Using credit wisely can go a long way toward allowing you to keep more of your money in your pocket. Here are some handy tips to help you stay in control of your credit and financial life:

  • Don’t pay extra for a gold card, or platinum card, or any other type of card if you’re not likely to utilize its special features. You certainly don’t need waste money (sometimes, quite substantial money) trying to impress your family or friends with the color of your credit card.
  • Interest rates on unpaid credit card balances are generally quite high when compared to the rates of other credit sources. If at all possible, don’t run up large balances on your card. If you have money in a savings account, it’s more financially advantageous to pay off those high-interest balances than to draw low interest earnings in savings.
  • If you normally pay the full balance of your credit card each month, you are in actuality receiving an interest-free loan from the card issuer (assuming that you have a grace period). Purchasing larger-ticket items a day or two after your card’s billing ending date can give you 50 to 55 days before you’ll have to pay for them.
  • Don’t apply for credit at several different sources within a short period of time, especially if you’re anticipating a major purchase soon (such as a home or car). Each creditor will access your credit report, causing an inquiry to be entered in your file. If rate shopping for a mortgage or car loan, concentrate your search within a 14-day period (the new FICO credit-scoring formula has extended that time to 45 days, but creditors can choose to use it or the old 14-day formula); all such inquiries are counted together as one inquiry.
  • Credit reports are use by employers to evaluate job applicants as well as by creditors evaluating loan applicants. It’s therefore worthwhile to check the contents of your credit file for accuracy even though you don’t plan on applying for credit in the near future. It’s also useful in pinpointing any signs of identity theft.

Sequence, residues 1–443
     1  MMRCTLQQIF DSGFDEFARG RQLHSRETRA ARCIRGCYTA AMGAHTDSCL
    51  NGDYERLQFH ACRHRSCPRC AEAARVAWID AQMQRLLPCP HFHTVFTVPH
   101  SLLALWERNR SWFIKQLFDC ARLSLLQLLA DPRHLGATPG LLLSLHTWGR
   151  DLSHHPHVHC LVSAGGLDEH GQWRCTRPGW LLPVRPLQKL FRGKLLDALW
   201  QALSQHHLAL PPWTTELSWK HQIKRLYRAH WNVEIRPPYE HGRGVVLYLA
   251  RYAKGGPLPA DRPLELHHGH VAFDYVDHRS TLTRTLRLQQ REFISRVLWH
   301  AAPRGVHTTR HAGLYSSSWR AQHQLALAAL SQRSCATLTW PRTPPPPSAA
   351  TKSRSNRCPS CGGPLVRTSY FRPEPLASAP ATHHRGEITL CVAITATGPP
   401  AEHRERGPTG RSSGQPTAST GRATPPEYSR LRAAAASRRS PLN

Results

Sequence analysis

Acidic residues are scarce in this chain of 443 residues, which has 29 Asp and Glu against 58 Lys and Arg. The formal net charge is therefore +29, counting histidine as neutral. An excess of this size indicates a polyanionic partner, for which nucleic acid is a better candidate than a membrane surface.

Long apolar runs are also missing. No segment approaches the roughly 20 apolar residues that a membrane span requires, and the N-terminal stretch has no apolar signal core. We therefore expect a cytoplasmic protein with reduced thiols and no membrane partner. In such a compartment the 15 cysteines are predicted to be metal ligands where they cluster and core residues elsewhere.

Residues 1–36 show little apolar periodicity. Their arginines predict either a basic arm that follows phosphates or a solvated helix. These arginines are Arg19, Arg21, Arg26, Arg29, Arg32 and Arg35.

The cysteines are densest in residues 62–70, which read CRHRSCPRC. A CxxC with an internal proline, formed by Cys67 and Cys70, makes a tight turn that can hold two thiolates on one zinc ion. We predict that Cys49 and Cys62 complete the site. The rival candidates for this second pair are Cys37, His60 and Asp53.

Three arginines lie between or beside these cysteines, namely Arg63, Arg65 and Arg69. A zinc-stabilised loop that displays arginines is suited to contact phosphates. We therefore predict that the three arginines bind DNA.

• Cut down on your inventory of credit cards. The more cards you own, the more likely you are to end up using them and falling into a large credit hole. It’s also much more difficult keeping track of all of your spending.
  • Lenders are required by law to inform you of the cost of credit (interest and other fees) and the terms of repayment before you borrow any money. Make sure that they adhere to this rule; know what you’ll be responsible for paying.
  • Except in unusual circumstances, it’s wise to avoid the purchase of credit life insurance when you borrow. This insurance is generally very expensive for the coverage that you receive and is seldom (though not always) a bad deal.
  • If you live in a community property state, be aware that a creditor may consider your spouse’s credit history even if you’re applying for credit in your own name.
  • Arrange for financing before the time that you’ll actually need the funding; in other words, get a preapproval. Having a creditor’s loan commitment allows you to shop for the best deal on whatever it is that you’re buying. Conversely, being in a hurry to obtain a loan because you need to complete the purchase may cause you to accept whatever loan terms the lender offers.
  • (as a bonus) If you’re having trouble meeting your loan obligations, contact your creditors immediately. Most will be more than willing to work out a payment restructure that will allow you to fully repay your loan.

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